who also charges him with trading on his own account
to the detriment of the inhabitants, the garrison and the
Treasury alike. Vetch, on the other hand, had good
grounds of complaint, and was subjected to strong
temptation (402). It often happened at this period that
Governors were ordered to undertake certain enterprises,
involving more or less heavy outlay, without any care
being taken to provide for their financial necessities. So
Vetch at Annapolis Royal found himself without means or
salary, and the bills he had drawn for the provision of the
garrison were not accepted at the Treasury (84, 304,
452, p. 165).
Col. Vetch sent in a report upon the resources of the
country and the measures which he deemed necessary
for its development (192).
Pennsylvania. Penn's surrender.
The Attorney General reported upon William Penn's
proposed surrender of his Government (331). The
question of the amount of compensation to which he
would be entitled produced an account of the Revenue
of the Province (298, 298 i).
Affirmation Act repealed.
The affirmation Act, which enabled Quakers to give
evidence in criminal cases, and against which protest was
entered from New Jersey, was repealed (58 i., 203, 221).
Virginia. The Assembly.
In Virginia, Lt. Governor Spotswood found the
Assembly recalcitrant. They renewed their quarrel with
the Council and still refused to provide for the payment
of the public debts, although they approved of the
services for which they had been incurred. They were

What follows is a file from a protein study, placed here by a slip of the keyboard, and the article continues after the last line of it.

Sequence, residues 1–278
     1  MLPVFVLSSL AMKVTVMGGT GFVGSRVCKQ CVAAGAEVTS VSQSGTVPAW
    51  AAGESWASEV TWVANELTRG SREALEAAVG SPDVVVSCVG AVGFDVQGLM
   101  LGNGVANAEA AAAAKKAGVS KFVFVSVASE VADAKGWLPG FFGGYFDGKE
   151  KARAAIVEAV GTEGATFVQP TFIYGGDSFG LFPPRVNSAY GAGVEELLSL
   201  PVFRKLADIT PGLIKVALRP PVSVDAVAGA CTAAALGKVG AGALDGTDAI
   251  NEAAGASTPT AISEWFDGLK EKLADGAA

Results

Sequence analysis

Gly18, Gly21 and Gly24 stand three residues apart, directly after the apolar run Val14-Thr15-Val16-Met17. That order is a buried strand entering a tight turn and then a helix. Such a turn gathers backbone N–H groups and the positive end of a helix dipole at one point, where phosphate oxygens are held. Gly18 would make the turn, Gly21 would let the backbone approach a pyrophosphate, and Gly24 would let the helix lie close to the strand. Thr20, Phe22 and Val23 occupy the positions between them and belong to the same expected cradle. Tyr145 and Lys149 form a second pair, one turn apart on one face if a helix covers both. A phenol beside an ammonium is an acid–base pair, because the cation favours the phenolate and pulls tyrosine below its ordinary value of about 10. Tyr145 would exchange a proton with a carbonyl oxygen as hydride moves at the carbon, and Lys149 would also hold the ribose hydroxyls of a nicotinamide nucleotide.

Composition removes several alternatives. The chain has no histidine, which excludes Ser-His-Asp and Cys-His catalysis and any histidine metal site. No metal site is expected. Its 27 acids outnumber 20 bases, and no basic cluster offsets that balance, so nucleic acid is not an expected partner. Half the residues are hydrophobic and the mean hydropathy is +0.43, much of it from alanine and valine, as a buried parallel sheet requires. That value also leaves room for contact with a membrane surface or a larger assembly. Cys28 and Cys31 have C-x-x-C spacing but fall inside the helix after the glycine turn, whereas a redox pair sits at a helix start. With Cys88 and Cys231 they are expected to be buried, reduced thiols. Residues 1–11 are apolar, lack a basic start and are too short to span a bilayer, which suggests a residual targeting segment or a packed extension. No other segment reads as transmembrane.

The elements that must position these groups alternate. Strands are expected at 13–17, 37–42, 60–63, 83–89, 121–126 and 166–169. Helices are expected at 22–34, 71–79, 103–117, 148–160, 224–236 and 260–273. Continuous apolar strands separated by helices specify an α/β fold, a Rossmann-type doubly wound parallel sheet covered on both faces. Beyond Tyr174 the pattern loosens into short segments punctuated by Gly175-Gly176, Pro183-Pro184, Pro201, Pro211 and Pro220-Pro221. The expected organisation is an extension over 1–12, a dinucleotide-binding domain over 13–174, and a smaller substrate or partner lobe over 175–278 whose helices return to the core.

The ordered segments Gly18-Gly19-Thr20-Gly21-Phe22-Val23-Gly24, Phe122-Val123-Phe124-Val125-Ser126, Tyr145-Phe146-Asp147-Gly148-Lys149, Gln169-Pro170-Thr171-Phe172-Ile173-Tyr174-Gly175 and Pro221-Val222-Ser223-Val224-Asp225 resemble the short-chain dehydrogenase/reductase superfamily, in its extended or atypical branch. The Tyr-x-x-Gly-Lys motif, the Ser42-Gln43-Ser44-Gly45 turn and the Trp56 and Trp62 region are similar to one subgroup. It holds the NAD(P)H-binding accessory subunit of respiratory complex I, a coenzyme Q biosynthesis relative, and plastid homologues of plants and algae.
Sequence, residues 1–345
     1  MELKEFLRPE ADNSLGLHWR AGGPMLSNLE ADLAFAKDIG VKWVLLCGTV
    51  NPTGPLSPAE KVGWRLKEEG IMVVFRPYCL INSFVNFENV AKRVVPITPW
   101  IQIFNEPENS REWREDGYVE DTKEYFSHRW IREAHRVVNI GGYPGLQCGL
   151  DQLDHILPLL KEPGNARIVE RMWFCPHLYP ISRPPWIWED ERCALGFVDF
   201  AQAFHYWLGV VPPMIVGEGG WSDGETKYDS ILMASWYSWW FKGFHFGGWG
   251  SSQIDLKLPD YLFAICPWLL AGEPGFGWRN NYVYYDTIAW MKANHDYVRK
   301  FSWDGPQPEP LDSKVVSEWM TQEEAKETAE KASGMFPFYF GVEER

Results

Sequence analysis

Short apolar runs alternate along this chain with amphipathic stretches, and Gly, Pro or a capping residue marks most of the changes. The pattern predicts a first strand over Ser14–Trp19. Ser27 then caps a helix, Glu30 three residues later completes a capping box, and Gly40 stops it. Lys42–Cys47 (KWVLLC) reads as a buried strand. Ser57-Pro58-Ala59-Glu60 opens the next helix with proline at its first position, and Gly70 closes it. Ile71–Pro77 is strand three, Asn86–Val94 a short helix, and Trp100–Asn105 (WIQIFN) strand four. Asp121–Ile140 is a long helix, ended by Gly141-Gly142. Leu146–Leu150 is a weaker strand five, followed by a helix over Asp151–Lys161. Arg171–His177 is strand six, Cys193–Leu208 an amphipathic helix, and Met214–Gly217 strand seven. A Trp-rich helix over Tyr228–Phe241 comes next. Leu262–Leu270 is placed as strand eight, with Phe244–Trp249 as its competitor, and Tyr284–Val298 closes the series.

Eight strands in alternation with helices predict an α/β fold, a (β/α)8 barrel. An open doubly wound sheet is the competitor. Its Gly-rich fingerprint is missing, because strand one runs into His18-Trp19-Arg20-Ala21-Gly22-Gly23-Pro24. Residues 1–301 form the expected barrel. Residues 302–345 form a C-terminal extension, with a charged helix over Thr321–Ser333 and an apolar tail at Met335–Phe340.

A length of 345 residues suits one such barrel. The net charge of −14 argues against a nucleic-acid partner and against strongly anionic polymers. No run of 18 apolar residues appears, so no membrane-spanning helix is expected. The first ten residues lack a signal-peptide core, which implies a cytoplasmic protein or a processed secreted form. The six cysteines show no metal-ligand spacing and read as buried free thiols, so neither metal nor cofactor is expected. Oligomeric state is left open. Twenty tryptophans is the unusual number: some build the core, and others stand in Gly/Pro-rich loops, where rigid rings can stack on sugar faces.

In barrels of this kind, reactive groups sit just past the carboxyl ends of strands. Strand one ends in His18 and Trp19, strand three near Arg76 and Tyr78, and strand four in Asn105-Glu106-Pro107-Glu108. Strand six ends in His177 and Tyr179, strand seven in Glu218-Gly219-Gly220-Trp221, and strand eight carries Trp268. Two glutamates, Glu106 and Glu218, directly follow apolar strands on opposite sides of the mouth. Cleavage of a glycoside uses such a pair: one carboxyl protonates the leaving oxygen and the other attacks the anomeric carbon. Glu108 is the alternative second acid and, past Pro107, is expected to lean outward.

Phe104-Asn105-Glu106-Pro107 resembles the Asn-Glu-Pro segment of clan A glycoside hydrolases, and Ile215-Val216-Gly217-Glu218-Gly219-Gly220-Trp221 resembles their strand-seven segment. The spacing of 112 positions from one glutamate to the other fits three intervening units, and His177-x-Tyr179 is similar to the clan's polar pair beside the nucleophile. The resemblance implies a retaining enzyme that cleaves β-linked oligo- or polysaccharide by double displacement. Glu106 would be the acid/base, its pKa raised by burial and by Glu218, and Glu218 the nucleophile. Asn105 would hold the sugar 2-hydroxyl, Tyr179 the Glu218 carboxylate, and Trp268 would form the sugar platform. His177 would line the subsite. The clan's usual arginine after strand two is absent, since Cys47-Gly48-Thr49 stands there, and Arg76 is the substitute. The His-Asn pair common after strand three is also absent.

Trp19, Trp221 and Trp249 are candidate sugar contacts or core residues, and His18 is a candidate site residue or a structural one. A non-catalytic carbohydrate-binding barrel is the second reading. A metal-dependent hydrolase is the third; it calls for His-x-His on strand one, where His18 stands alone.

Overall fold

ready, indeed, to raise money by imposing a duty upon
British manufactures, but this could not be admitted
(301, 408). But as to laying a tax upon the country, the
received opinion of the populace was that "he is the
best patriot who most violently opposes the raising any
money, let the occasion be what it will," and upon this
cry at the elections members calculated to retain their
seats (301). Spotswood therefore dissolved the Assembly
on Jan. 31st. No provision had been made for carrying
out the terms of the Treaty with the Tuscaroras, and the
Government was left without any fund wherewith to meet
any emergency that might well arise in the unsettled
condition of the frontier (301, 408). Spotswood declared
that there was no personal difference between himself
and the Burgesses or the country. He expected a
reaction against the parsimonious policy of the late
Assembly, but determined to await sure signs of it
before holding another election (301).
Virginia and the Indian War.; Quakers and Conscientious objectors.
Upon hearing news of the massacre in North Carolina,
(cf. See p. xxiii.), in which some at least of the Tuscarora
Indians were involved, Spotswood at once put a stop to
the Indian trade, mobilised the Virginian militia, and
summoned the Tuscaroras and the neighbouring Indians
to a conference. Impressed by the appearance of the
Militia, the Sachems expressed their desire for peace and
their concern that any of their tribe should have taken
part in the massacre. Spotswood suggested that they
should take a share in the punishment of the assassins,
offering them rewards for so doing, and he obtained the
release of Baron de Graffenried. He also demanded that
two children of the chiefs of each town should be sent
to be educated in Virginia and held as hostages for their
good behaviour. This scheme he welcomed as a step
towards the conversion of the Indians to Christianity.
At the same time, by offering to remit their tribute, he
induced some of the Chiefs of the tributary Indians to
send their sons to be educated at the College, hoping that
the Assembly would supplement the fund left by Mr.
Boyle for that purpose, (177). Several of the Council
agreed to advance the money which the Assembly refused
to supply for making good the treaty with the Tuscaroras.
But the situation remained very anxious. The good
faith of the Tuscaroras was doubtful; the Senecas were
threatening to take revenge for the killing of one of their
Chiefs by a Virginian; and there was a danger lest the
French should succeed in uniting all the neighbouring
Indians with those subject to them in an attack upon
the frontiers of the English Colonies (382 i.). It was not